Traditionally, Saudi Arabia always chose to follow rather than set the Arab consensus. The Gulf War could have brought change, for Riyadh is now beholden to Washington. But the regime fears taking any moves that the opposition could seize on as anti-Islamic, and has only budged when Washington has applied heavy pressure. That’s why Saudi Arabia pushed Syria to attend the Madrid peace conference in October 1991, and why it participated in the donors’ conference held in Washington soon after the signing of the Israel-PLO Declaration of Principles. But in the multilateral talks following Madrid, the Saudis have obstructed progress, most recently at the May arms control and regional security talks in Doha, Qatar.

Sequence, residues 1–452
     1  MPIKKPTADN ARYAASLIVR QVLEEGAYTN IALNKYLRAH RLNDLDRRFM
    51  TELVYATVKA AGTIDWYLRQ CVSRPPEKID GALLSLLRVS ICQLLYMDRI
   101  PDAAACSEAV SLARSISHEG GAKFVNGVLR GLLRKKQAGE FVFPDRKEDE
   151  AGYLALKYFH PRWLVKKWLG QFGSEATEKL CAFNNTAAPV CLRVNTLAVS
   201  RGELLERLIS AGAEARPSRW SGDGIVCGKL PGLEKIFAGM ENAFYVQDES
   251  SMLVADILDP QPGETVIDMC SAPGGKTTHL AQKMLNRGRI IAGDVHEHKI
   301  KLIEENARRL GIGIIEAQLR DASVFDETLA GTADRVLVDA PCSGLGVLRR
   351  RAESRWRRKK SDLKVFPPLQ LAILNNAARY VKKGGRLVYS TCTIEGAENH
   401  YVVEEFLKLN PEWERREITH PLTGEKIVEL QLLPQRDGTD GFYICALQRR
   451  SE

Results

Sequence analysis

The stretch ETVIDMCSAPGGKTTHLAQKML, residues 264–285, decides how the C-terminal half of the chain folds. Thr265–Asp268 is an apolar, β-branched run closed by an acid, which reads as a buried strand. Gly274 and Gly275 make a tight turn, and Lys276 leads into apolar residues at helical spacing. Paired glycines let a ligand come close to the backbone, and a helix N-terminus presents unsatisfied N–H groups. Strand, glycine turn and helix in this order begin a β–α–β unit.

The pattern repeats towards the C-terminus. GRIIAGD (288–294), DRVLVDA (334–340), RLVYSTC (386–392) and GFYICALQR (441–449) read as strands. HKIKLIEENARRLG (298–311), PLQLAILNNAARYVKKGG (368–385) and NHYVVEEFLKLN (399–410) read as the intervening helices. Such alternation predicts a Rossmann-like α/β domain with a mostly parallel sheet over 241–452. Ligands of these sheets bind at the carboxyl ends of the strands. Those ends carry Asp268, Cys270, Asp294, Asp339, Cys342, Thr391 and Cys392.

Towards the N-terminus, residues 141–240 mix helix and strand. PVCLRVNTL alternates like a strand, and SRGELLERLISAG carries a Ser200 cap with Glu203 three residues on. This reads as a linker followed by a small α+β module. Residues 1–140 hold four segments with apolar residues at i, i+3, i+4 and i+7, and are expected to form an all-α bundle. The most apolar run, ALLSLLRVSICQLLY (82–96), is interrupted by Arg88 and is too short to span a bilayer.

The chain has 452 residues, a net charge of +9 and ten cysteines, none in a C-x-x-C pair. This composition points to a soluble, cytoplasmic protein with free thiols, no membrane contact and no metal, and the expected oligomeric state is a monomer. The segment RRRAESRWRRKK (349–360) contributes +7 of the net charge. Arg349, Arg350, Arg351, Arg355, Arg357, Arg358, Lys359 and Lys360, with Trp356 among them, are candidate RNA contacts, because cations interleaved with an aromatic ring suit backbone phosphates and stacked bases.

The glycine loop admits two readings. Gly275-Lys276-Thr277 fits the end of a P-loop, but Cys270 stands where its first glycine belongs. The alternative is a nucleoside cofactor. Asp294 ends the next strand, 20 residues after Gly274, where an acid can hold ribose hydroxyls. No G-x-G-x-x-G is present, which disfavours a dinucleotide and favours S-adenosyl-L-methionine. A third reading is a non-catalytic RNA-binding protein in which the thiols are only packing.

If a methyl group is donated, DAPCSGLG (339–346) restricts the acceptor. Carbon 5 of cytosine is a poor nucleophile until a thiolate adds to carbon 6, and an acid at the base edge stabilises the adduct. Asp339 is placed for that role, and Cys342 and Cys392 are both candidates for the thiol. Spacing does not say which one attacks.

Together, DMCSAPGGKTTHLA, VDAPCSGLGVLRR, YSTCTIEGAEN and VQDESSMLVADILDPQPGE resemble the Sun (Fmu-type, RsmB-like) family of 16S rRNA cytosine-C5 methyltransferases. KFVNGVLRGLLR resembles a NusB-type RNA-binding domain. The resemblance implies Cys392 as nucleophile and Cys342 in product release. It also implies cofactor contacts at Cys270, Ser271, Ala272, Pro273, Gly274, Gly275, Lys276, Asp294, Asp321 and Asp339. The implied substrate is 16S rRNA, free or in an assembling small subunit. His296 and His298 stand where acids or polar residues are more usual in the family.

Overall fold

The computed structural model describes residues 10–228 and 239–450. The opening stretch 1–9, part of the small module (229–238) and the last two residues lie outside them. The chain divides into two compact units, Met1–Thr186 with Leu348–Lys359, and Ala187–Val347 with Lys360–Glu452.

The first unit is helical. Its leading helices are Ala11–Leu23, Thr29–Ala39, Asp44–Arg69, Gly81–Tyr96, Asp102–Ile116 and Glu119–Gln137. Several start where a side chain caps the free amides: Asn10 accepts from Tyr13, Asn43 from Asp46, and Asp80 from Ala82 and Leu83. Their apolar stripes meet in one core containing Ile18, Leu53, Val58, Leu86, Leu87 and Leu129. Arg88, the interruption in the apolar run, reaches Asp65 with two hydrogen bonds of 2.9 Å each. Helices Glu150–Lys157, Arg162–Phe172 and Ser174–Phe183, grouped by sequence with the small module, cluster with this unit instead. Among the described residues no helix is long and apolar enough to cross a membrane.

When Israel complained to Washington, it pressured the Saudis to cancel the secondary boycott of Israel. The result was the October 1 announcement that Saudi Arabia and the other Gulf Cooperation Council countries supported a “review” of the secondary and tertiary boycott of Israel. This noncommittal language led to banner headlines in the Israeli press. In fact, the GCC countries asserted that they have left it to the confrontation states (Syria, Lebanon and the PLO theoretically, but most probably Jordan) to propose the “review” in the Arab League. In other words, Saudi Arabia will not go out on a limb on this crucial issue.